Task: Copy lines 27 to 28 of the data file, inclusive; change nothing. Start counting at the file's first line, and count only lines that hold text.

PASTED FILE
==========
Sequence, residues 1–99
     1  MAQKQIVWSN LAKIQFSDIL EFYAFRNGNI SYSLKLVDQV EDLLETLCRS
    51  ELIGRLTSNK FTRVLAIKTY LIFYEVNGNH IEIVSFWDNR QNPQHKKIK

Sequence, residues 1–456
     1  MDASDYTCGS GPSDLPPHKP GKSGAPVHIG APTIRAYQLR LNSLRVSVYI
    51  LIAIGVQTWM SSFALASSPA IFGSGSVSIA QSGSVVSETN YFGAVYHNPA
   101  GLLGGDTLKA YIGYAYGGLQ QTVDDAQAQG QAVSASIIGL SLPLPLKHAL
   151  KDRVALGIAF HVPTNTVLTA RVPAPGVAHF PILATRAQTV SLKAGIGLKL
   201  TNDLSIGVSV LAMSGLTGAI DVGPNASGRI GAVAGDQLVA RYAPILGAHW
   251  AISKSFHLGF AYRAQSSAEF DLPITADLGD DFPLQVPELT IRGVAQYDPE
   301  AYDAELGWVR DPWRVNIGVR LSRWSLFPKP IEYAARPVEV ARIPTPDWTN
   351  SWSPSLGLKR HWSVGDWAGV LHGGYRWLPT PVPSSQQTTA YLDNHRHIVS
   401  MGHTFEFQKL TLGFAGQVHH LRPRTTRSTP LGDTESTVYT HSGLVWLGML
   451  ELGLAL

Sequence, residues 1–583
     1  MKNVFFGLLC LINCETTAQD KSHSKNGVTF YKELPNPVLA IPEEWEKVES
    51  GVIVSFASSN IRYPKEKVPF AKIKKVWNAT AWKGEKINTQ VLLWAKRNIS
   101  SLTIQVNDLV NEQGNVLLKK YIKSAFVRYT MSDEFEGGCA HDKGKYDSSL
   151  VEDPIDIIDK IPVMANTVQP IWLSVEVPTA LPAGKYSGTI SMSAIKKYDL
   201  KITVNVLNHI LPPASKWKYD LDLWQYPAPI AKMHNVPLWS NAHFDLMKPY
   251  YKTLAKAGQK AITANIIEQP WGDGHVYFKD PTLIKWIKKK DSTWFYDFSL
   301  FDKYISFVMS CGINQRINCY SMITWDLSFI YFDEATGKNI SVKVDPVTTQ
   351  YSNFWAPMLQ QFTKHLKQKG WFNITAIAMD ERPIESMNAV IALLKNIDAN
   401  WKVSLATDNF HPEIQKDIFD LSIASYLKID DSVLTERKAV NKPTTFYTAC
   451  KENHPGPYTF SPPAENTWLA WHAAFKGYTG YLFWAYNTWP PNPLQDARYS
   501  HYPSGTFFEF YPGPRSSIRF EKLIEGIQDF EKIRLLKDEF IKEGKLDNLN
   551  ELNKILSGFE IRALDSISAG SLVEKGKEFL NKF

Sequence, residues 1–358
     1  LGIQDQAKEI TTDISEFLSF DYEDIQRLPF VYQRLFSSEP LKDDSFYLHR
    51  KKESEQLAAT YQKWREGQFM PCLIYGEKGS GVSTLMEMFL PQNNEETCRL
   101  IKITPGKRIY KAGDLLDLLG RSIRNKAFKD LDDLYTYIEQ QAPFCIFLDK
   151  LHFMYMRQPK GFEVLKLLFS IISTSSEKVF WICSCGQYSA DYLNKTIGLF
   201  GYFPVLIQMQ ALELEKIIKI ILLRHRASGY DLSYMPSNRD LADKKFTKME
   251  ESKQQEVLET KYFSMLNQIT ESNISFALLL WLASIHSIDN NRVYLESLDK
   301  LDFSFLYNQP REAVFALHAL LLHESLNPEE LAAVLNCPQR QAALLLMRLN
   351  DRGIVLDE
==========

   551  ELNKILSGFE IRALDSISAG SLVEKGKEFL NKF

Sequence, residues 1–358